08 January 2008

Siems on the End of Comparative Law

Mathias Siems (Edinburgh/Cambridge) has posted 'The End of Comparative Law' on SSRN (The Journal of Comparative Law 2007, 133-150). This is the abstract:

Following the 1900 congress in Paris, the beginning of the 20th century saw comparative law emerge as a significant discipline. This paper suggests that the early 21st century is seeing the decline, or maybe even the 'end', of comparative law. In contrast to other claims which see the 21st century as the 'era of comparative law', there are at least four trends which give rise to pessimism: 'the disregard', 'the complexity', 'the simplicity', and 'the irrelevance' of comparative law. These phenomena will be explained in the body of this paper; the concluding part considers suggestions as to how to proceed further.

Mathias Siems's personal blog (SiemsLegal) can be found here.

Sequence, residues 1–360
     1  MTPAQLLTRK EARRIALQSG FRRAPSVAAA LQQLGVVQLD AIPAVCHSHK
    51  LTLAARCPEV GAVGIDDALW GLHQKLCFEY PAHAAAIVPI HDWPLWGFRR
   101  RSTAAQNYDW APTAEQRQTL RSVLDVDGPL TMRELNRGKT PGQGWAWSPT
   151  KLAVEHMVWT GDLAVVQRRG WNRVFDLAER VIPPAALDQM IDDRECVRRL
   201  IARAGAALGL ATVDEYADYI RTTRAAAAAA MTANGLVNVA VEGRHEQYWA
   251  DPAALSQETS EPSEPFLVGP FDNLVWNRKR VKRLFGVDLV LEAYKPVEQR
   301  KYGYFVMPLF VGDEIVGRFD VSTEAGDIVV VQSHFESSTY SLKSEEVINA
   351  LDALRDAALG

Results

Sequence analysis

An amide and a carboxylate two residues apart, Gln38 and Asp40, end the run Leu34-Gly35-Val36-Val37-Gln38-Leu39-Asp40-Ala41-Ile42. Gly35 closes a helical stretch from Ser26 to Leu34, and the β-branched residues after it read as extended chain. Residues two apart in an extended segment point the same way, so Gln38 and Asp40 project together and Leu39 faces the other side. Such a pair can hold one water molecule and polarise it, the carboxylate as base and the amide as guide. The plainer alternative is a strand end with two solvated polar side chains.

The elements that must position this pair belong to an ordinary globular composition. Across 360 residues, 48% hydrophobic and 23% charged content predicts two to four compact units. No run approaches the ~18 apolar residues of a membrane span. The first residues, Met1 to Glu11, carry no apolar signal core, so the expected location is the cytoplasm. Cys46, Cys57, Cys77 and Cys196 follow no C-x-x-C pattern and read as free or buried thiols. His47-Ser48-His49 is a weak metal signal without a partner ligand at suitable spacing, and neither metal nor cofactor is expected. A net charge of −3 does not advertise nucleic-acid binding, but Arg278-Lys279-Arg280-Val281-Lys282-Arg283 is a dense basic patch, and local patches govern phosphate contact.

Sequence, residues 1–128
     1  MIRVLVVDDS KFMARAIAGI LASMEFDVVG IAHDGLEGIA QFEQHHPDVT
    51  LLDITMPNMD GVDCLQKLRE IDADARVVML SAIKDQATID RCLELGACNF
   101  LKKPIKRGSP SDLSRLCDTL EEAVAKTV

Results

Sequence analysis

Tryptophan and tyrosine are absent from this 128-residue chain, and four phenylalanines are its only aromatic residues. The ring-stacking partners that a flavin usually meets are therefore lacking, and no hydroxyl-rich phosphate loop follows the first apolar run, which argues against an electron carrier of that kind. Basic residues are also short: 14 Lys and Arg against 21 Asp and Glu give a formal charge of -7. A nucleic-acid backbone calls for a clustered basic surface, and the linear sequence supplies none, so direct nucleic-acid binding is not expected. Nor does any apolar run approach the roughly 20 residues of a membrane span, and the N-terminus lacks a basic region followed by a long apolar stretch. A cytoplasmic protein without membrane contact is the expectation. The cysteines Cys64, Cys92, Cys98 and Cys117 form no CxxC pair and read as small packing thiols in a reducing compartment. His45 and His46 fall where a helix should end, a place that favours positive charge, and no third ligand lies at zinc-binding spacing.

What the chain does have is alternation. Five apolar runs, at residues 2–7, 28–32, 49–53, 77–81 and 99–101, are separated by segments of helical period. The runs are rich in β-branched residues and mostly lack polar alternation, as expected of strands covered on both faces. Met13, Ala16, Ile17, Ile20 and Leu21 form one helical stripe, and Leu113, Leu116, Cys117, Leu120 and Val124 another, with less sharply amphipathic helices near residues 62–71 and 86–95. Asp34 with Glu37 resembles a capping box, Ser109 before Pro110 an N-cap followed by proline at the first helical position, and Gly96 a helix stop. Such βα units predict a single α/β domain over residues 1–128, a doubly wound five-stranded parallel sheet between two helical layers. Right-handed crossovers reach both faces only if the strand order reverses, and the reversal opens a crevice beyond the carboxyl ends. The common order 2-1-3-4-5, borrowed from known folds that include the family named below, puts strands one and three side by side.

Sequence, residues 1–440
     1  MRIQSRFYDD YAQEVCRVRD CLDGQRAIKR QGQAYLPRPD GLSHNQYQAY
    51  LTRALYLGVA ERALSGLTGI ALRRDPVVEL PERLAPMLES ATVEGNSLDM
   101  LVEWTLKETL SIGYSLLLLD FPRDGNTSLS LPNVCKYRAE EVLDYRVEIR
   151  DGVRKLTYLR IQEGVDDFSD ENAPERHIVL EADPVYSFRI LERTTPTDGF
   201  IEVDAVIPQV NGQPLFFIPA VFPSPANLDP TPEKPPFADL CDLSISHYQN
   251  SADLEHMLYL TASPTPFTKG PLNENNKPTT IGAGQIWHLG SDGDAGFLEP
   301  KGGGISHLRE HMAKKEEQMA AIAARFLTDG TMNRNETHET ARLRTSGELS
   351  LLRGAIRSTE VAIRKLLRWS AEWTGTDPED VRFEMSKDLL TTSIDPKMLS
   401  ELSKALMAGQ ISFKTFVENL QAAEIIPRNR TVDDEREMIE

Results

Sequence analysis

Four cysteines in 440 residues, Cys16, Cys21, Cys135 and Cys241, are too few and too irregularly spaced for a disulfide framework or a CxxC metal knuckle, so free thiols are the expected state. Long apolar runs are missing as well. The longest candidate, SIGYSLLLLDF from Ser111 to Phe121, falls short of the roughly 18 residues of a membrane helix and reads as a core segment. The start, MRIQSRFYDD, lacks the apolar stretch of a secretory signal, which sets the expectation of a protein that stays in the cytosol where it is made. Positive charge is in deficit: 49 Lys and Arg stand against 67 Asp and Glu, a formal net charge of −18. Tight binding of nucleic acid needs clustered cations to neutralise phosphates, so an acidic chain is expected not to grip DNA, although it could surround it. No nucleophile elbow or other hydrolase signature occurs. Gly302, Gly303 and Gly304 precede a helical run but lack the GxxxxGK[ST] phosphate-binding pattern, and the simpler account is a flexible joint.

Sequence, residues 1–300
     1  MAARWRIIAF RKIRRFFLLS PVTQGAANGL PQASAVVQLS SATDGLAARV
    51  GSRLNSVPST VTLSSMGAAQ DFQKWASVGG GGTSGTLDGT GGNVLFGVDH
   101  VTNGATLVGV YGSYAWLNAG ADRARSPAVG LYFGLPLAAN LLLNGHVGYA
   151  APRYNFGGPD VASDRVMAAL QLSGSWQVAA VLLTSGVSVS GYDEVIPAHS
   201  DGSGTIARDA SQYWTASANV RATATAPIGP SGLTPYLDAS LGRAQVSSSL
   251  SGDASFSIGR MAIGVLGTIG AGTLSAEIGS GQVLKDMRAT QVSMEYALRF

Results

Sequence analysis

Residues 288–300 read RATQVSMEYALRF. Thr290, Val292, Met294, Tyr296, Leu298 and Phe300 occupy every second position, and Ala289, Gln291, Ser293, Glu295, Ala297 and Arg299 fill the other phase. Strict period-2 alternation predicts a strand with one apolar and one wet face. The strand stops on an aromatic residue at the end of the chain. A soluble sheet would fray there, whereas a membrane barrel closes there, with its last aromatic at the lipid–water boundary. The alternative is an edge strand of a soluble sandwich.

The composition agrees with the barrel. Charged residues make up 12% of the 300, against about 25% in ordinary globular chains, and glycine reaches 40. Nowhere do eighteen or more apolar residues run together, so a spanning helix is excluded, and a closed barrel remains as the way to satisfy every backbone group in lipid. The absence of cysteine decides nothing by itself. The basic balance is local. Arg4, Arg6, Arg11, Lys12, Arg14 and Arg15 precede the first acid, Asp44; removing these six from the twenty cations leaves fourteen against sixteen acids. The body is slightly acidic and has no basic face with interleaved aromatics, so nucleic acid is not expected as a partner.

1. Thanks for that (yes, I'm reading your blog). Greetings from Edinburgh. Mathias

  2. Dear, first of all, thank you for your blog: it's very interesting. Then, go on proudly!
    I'm writing on the real interesting study of Mathias Siems. In general, he convinced me of necessity to a more "strong campaign" to enforce comparative method in legal fields. I have only a suggestion to explore, maybe in contro-tendency: the strategies that several Constitutional or Supreme Courts (i.e. South Africa, India, ECJ, New Zealand, Canada --not now the UsCourt, it's true) have to use comparative method and "comparative framework" (not only translation) to make their job. Against the important problems that very properly dr. Siems has identified, this hipothesis could be one of the different ways to create an exit-strategy to expand again the fashinating power (therefore, not so soft...) of comparative method.

    Francesco Clementi
    (Associate Prof. in Comp. Const. law - Univ. of Perugia - School of Political Science)